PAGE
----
OP-ED/ Society is judged by the way it treats its weakest members

OP-ED/ Society is judged by the way it treats its weakest members

By Ambasador Bernd Borchardt

Head of OSCE Presence in Albania

The independence of equality bodies, is of high importance.

Without independence from political control, without budgetary independence, it is difficult for equality bodies to stand up for human rights and fight against discrimination.

Independence, in that sense, refers to the ability of an equality body to: identify its own priorities and advocate on issues that they deem appropriate; make recommendations based on their own analysis, evaluation and decision; and to freely decide how the body uses its own budget in order to perform its role and function efficiently.

With true independence these equality bodies can be driving agents of change.

This is ever more important today, when we are seeing increasingly strong anti-discrimination laws being adopted by parliament, but they need implementation.

We know all that this is the name of the game.

If properly implemented, these laws help to ensure that all people who are discriminated against for belonging to a vulnerable group or just because they’re weak will have legal avenues, as well as access to institutional resources, to fight this discrimination.

However, in spite of robust legislation, both in Albania and in the wider region, we still see prevalent issues of social prejudice and discrimination.

Socially marginalized groups, such as for instance the Roma, Sinti and Egyptians, but not only, still face prejudice and discrimination at the hands of both social actors and public institutions.

But this also applies to other weak people. Just a couple of days ago, I was stepping out of my apartment block and I saw a policeman chasing away an old woman from the pedestrian walk, who was selling the products of her garden. At the same time, there was just 10 metres from him a Porsche car parking and blocking the road. In my poor Albanian, I asked him why he ignored the car and went after the old lady. His only reply was, if I correctly understood, that this is a problem. I was thinking of reading a famous book “Animal farm” – all animals are equal, but some animals are more equal than the others. And a society is finally judged not by a single incident, but by the way it treats its weak members. When a society actively perpetuates the disadvantaged status of a social group through discrimination, this reflects negatively on that society, and that applies all around the OSCE participating States.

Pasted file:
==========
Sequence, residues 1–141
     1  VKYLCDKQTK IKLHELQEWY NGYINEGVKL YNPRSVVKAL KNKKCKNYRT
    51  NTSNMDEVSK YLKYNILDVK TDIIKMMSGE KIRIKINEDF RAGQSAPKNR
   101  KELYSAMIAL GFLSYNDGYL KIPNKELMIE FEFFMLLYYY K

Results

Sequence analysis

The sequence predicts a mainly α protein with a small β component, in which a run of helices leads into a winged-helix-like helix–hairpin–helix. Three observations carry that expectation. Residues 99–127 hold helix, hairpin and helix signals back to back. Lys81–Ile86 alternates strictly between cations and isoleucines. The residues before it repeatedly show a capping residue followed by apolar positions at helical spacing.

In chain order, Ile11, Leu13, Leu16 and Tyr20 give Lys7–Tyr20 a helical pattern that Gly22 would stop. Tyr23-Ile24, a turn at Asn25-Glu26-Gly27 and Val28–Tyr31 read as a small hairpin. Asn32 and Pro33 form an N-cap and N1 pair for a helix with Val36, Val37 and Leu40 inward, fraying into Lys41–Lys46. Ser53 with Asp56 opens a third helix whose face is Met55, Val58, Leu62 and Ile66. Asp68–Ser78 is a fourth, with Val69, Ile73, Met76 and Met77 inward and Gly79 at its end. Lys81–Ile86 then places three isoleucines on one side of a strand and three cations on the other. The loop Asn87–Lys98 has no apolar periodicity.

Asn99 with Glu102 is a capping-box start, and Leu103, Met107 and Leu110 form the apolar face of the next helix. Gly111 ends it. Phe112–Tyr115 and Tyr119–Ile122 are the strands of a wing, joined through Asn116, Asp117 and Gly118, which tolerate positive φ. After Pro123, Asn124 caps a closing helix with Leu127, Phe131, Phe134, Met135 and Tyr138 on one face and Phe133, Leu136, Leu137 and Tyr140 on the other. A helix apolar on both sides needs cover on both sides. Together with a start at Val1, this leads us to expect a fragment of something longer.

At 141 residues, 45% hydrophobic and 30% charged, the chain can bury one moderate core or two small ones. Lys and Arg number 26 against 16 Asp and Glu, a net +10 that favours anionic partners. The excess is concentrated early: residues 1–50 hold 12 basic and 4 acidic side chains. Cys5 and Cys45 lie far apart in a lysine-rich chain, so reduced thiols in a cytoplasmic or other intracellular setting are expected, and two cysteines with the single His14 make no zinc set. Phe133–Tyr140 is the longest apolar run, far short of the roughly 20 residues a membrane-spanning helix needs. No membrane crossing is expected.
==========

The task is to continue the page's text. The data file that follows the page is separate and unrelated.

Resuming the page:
If not properly addressed, discrimination can become socio-culturally self-enforcing, and there have been many analyses on Roma and Egyptians which show in this direction;

As such, it is our duty as to speak out against discrimination when we see it and to stand up at any time for those whose rights are not respected simply because they are more vulnerable by being perceived as different or as weak;

Any of us can be discriminated tomorrow simply by having a different opinion from the powerful, by looking differently, by dressing differently, if we do not act today against any form of discrimination against people who happen to be different.

We are all gathered with the same purpose, to strive for equality.

I hope we will be better placed to make the necessary changes to ensure:

that the most vulnerable members of our society are better protected,

that the most vulnerable are defended by adequate and functional institutions, when they are discriminated against.